It’s no secret Millennials are drawn to volunteering and service to others. This generation volunteers more of their time to community causes than other generations and donates annually to nonprofit organizations. More than 85% of consumers in this age category prefer to purchase a product that’s committed to a cause.

So Colgate hit it out of the park with the ad, Every Drop Counts. The ad encourages people to turn the faucet off while brushing their teeth. The ad notes that brushing with the faucet running wastes 4 gallons of water, which is more water than many people in the world have in a week.

We at XYZ University were surprised that more advertisers didn’t follow suit. The Colgate ad was the only one to hone in on this generation’s passion for causes.


From web sites to razors, many Super Bowl 50 ads took the futuristic approach.

Liam Neeson starred in LG’s first ever Super Bowl commercial, which was more like a trailer for a new action movie than an advertisement. In the ad, Neeson approaches a young man (who is actually his 20-year-old son) and relays an important message about the future which “must be protected.”

This was one of several ads with messages about the future and change, such as Arrow Electronics (“Forever Forward”), Kia (“Next Gen”), Xfinity (“Change the way you experience TV”), Quicken Loans (“Push button. Get mortgage.”), PayPal (“Old money is stuck in the past. There’s a new money in town.”), and CBS’ commercial about streaming television (“Then. Now. All Ways”.)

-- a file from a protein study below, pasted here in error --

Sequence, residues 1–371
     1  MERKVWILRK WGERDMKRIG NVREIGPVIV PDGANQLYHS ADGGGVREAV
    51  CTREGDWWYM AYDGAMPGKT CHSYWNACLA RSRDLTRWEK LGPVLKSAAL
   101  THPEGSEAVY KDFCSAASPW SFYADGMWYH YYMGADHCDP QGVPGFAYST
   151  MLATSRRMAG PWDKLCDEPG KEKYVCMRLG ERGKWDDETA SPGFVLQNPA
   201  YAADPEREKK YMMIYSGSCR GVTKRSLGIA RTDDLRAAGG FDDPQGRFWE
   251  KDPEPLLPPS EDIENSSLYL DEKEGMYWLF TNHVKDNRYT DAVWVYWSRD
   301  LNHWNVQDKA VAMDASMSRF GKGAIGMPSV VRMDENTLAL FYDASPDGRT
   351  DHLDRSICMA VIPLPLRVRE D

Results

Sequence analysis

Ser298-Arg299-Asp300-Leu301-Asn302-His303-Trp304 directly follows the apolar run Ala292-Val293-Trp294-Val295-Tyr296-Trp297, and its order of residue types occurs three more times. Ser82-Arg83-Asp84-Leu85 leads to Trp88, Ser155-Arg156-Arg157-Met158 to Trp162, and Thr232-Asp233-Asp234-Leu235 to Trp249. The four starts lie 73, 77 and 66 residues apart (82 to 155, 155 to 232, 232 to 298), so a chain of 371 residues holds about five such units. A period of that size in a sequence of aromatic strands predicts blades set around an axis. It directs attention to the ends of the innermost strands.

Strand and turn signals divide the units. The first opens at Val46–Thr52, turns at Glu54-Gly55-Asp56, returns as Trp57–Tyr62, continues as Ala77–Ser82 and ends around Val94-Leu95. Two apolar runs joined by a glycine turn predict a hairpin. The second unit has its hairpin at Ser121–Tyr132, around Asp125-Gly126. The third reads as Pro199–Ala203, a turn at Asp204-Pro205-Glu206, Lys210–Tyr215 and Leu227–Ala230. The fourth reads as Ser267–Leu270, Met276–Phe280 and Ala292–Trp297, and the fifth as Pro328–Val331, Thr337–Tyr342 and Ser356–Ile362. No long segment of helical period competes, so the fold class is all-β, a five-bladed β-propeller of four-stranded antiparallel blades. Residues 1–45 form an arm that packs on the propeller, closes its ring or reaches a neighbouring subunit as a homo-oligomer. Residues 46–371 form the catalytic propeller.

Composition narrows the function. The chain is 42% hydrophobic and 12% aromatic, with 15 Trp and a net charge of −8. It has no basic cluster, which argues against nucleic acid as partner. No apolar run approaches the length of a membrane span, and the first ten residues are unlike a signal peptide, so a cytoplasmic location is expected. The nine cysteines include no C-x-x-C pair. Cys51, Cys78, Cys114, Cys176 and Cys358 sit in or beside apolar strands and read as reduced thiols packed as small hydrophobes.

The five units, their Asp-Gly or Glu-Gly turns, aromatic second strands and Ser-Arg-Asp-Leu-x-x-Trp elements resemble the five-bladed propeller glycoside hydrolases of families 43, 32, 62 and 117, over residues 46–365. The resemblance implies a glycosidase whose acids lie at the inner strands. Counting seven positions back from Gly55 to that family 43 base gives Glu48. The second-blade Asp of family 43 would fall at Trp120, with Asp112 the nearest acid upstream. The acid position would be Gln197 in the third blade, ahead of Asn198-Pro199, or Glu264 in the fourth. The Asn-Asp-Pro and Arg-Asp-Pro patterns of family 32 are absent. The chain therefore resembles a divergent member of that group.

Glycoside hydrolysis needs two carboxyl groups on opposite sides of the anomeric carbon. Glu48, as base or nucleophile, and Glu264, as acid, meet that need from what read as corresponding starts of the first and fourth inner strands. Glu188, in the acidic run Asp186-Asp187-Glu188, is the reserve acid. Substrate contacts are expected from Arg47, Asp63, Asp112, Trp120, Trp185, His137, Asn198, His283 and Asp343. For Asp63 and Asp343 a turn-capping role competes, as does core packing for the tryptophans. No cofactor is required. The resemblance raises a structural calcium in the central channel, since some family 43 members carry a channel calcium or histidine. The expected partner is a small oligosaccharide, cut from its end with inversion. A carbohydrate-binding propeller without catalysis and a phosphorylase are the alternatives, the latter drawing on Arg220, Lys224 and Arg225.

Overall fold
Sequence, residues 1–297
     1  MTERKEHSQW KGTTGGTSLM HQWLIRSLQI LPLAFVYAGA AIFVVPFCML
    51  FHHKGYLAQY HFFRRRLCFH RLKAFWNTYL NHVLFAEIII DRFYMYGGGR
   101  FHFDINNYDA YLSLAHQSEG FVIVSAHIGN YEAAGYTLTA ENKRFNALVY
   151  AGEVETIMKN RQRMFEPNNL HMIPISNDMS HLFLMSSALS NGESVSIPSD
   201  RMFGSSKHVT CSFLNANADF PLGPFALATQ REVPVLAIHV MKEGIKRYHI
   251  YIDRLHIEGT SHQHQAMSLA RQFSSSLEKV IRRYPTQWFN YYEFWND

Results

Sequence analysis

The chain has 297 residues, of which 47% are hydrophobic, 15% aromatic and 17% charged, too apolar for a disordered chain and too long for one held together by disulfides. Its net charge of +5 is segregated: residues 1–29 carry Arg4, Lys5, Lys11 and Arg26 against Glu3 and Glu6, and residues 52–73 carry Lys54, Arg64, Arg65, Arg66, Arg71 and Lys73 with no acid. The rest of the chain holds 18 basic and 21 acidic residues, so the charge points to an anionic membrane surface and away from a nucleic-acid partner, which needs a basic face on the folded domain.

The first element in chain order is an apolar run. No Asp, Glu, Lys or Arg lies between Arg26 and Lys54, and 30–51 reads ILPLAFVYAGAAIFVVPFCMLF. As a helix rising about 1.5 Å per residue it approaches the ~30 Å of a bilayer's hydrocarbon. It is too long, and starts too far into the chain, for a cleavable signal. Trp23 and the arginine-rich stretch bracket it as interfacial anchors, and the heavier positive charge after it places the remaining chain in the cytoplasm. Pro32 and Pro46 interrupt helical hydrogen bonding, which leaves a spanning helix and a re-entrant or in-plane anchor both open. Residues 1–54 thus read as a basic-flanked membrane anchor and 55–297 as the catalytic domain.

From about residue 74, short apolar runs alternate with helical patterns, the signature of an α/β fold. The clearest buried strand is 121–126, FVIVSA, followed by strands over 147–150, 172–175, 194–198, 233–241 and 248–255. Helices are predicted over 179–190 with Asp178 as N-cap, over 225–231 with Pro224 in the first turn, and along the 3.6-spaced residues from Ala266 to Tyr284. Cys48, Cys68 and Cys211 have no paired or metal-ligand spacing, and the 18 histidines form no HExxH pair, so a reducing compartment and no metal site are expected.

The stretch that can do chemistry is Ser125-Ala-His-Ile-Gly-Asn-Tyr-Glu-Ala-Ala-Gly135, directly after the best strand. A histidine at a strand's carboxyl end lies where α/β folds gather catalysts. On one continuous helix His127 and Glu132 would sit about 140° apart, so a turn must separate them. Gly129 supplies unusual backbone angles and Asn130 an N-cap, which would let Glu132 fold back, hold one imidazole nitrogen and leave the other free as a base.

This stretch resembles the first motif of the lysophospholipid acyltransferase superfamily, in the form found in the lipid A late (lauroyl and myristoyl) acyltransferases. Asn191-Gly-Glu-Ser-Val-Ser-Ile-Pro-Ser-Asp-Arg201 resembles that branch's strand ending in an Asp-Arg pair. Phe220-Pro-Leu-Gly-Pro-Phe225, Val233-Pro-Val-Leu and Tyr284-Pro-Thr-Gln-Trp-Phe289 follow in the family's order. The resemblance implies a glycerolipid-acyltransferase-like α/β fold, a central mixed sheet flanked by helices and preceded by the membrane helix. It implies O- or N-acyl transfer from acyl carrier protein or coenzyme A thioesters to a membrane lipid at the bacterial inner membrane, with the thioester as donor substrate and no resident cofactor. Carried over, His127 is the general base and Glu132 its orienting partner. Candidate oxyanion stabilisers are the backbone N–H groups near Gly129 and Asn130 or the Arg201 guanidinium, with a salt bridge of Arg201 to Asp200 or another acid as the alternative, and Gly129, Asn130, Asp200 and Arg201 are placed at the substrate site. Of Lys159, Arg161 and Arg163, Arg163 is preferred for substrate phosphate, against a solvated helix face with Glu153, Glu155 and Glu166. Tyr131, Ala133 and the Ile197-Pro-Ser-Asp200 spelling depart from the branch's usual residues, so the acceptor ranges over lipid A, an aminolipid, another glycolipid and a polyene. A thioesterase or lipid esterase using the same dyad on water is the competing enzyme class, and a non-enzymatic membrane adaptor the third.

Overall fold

Furthermore, the NFL has introduced Next Gen Stats, which were popping up throughout the big game. Next Gen Stats capture real time location data, speed and acceleration for every player, every play, on every square inch of the field. On the NFL web site, the organization explains that these stats were introduced because “The future is now.”

As Super Bowl 50 draws to a close, one can’t help but think what the next 50 years will bring to the NFL and to future generations. It’s pretty amazing to discover that Astronaut Scott Kelly watched Super Bowl 50 from the International Space Station. Now the question becomes, where will football go next — and who will be watching?